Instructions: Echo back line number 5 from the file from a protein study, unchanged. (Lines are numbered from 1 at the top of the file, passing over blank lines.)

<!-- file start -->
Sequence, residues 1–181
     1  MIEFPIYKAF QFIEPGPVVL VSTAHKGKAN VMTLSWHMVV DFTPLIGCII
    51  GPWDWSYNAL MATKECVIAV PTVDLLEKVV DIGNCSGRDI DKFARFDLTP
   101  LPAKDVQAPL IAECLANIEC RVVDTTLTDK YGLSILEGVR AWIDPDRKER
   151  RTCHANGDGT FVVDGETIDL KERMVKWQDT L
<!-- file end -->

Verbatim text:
   151  RTCHANGDGT FVVDGETIDL KERMVKWQDT L